This guest post is by Heather Fitz, a hopeful adoptive mother.
For my partner, April, and I, the month of May has been fraught with emotion. There was Mother’s Day, a holiday that held new meaning for us not because we’ve already adopted, but because we are approved to adopt whenever we match with a birthmother.
For the first time, we weren’t just thinking about our own mothers and how much they mean to us. We also took the time to consider what kind of mothers we want to be. The very idea we could be celebrating next year’s Mother’s Day holiday as moms ourselves made us giddy and propelled us down memory lane.
April remembered the countless hours that her own mom, Ginny, spent throwing a baseball with her in the front yard after coming home exhausted from a long work day. As a single mom, Ginny worked diligently to pay bills and make sure April and her sister, Teri, had copious amounts of love to make up for the material things neither girl even knew they lacked until they hit their teen years.
There was a jar, where Ginny threw all her spare change, which eventually paid for April’s tennis lessons. There were hugs; permission to play every sport, including April’s stint as a high school football player and, when the time came, a gentle push to leave the nest and attend college away from the comfort of home.
For me, childhood memories with my own mother, Jan, are just as special. My brother, Brett, and I were raised by my parents to be independent and strong-willed, yet the value of family was firmly etched in our minds. Dinner time meant sitting around a table, every night, talking about our days and “fine” was never an acceptable answer to the question, “How was your day?”
Every weeknight, the dinner table morphed into a homework table where mom and dad checked every answer and made us do it again if it was wrong. Saturdays were meant for friends, Sundays for family – no exception. The four of us hiked, rafted, snow and water skied, hit up bowling alleys. We did it all, and we did it together.
Recognizing a birth mother’s loss
Bundling our childhood memories with our own vision of the mothers we hope to become was only part of the emotion we felt around Mother’s Day. There was another mother to consider, our future child’s birth mother, his or her tummy mommy.
Our joyous thoughts of impending motherhood turned to the woman who would celebrate a very different kind of Mother’s Day after placing her child with us. Recognizing the grief and loss a birth mother endures made us hurt for her and reaffirmed our commitment to open adoption.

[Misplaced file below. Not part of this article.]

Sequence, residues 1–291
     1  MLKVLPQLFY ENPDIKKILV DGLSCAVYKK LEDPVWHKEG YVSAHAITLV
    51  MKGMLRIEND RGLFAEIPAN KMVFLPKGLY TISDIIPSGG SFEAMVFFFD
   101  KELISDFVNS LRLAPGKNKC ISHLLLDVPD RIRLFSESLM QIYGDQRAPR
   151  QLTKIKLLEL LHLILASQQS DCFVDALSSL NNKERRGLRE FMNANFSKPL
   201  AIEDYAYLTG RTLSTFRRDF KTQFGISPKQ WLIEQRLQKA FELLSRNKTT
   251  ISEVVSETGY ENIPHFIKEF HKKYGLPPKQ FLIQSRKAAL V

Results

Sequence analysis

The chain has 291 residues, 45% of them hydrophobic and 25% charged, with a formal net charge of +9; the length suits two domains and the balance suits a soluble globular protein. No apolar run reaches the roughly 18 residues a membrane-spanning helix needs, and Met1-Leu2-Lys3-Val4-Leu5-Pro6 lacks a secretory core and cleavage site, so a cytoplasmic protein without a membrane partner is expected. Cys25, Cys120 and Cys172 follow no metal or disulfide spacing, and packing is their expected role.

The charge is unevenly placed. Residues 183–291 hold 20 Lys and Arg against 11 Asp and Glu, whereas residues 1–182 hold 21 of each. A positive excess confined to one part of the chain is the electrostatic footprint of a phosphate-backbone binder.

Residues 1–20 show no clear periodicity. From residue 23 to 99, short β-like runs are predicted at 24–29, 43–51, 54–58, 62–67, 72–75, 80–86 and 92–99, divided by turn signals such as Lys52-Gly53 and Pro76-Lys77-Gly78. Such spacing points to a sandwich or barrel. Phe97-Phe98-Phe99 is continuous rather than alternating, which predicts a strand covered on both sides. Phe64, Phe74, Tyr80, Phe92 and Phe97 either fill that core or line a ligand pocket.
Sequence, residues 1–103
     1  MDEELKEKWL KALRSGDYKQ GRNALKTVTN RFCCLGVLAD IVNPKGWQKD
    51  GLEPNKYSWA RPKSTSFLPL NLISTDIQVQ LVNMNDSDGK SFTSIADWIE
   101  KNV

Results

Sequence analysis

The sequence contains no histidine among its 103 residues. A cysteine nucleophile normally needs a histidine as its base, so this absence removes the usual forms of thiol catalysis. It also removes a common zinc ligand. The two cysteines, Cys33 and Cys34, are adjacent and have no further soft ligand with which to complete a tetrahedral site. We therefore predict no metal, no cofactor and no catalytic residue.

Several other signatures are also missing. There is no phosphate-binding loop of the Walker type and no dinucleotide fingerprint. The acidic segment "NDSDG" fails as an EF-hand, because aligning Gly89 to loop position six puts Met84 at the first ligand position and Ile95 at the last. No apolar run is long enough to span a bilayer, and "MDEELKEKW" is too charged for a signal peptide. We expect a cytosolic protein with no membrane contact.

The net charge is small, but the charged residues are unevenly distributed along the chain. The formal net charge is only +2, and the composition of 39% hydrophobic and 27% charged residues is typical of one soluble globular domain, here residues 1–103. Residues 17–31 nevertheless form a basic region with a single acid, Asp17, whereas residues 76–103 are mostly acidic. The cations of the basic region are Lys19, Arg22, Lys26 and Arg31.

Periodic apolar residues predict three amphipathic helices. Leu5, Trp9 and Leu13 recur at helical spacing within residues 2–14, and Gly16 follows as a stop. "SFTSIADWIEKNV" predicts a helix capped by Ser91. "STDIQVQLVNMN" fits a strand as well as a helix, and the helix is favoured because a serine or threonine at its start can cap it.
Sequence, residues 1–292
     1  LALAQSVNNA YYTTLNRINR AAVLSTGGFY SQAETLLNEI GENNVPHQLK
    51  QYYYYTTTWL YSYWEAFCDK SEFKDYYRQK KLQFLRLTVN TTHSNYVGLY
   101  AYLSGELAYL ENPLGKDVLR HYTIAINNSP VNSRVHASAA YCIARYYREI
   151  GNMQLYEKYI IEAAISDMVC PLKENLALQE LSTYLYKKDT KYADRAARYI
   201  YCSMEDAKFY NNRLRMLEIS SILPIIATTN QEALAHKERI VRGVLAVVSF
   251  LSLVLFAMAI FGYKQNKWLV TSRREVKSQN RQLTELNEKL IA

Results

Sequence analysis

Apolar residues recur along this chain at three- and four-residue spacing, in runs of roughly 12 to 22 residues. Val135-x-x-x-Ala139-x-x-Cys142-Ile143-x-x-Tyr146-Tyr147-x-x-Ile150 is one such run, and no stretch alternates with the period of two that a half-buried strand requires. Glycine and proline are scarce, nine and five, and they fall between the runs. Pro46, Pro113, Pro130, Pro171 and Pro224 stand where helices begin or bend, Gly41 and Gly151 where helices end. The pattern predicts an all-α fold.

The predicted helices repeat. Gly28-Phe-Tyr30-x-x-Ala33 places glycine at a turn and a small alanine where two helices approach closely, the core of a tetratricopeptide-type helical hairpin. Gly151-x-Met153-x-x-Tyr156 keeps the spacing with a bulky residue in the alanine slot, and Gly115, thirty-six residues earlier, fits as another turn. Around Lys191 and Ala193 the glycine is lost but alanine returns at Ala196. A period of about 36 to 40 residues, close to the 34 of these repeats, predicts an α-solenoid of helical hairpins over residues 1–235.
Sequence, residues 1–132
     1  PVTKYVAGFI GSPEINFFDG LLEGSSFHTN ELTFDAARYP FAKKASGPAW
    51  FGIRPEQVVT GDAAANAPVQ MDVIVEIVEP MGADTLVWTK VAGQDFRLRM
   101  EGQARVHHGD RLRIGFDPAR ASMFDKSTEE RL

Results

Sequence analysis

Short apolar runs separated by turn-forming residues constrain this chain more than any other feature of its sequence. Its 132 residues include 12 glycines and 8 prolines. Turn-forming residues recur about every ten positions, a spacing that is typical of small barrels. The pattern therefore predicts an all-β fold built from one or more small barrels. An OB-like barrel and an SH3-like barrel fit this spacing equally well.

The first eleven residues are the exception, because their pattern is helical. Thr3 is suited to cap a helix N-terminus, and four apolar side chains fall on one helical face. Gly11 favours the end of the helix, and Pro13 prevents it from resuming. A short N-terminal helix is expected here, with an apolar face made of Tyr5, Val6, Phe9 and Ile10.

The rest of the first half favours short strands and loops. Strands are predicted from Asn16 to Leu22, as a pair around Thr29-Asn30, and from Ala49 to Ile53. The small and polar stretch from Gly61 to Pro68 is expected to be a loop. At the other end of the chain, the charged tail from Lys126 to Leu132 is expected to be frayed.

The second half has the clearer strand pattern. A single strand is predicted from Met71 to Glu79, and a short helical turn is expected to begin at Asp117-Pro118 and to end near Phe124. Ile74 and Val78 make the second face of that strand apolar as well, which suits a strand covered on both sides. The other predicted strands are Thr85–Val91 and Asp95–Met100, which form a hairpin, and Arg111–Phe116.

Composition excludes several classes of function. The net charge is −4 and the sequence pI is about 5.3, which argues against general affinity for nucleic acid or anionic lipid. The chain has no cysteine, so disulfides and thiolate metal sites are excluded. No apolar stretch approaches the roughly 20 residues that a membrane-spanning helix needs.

We very much want to include our child’s tummy mommy in our lives, if she’s comfortable with it – not just on Mother’s Day, but on an ongoing basis. The love, guts and iron will it takes to place a child is not lost on us and we will forever be grateful to the woman who grants us the greatest gift we can imagine, mommyhood.
Mother’s Day wasn’t our only emotional day in May – for April and I, and for countless other same-sex couples living in the United States, May 9th brought validation. For the first time in our nation’s history, a sitting President acknowledged support for same sex marriage. It’s true, legally speaking, nothing has changed since President Obama made his announcement. But emotionally and socially, there has been a huge shift.
For a lesbian couple living in a state — Virginia — where we can’t marry, share benefits, file joint taxes or both adopt our child, hearing President Obama say, “I recognize and value your family” was a huge step in the right direction.
We can’t wait to be mothers
So many times, April and I have heard someone say, “I don’t agree with your relationship or with the notion that you should be able to get married, but I see you love each other and I know a child would be lucky to have you.” It’s painful to hear and sounds to us like someone is saying, “Sure, you can sit on the bus, just ride in the back.”
It hurts and it makes us crazy, but we refuse to let it make us less in the eyes of the child we know will be joining our family. Our child will be loved from the top of his/her head all the way down to the tips of the toes.
Each leg roll will be squeezed, each laugh cherished and every tear wiped away. Our child will have rules, be taught to respect others – even those who may not understand same sex families and be encouraged to see life through a lens of equality and love, not fear and uncertainly of that which is different from them.
We can’t wait to be mothers, to experience the world through our child’s eyes. To hear “momma” for the first time, slip our child into snow skis or just cuddle on the couch for movie night.
April and I promise that every day will be a day we give motherhood our all. Not just because we owe it to our child, but because we owe it to the woman who chose us to parent. Our best is the least we can do.
Heather Fitz and her partner, April Dillow, are hopeful adoptive parents living in Fredericksburg, Virginia.
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